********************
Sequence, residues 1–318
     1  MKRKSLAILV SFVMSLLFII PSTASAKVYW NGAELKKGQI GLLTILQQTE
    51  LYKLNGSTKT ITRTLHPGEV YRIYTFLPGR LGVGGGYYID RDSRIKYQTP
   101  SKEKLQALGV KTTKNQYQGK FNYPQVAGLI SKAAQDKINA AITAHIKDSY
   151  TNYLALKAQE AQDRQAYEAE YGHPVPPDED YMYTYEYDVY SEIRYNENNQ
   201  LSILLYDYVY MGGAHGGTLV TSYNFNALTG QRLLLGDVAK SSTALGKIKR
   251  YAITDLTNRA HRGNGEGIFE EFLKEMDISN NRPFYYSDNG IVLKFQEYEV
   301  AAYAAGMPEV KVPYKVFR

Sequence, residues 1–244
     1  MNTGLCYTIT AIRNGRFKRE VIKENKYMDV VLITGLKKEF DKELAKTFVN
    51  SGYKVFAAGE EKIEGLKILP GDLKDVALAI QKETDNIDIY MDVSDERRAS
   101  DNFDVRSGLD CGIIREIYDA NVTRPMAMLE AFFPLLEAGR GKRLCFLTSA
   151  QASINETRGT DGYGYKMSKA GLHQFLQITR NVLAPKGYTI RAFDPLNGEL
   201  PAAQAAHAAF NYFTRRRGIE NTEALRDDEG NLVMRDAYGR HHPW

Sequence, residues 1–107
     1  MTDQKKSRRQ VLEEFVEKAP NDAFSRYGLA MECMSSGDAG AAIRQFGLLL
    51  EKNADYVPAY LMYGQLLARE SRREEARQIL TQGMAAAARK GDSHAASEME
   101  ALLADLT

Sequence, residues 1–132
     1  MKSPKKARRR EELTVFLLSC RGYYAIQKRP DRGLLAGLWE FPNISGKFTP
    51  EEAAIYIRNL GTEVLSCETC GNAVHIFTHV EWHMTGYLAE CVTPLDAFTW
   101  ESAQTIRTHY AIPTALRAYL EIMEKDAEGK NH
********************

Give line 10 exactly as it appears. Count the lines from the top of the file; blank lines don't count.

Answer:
     1  MNTGLCYTIT AIRNGRFKRE VIKENKYMDV VLITGLKKEF DKELAKTFVN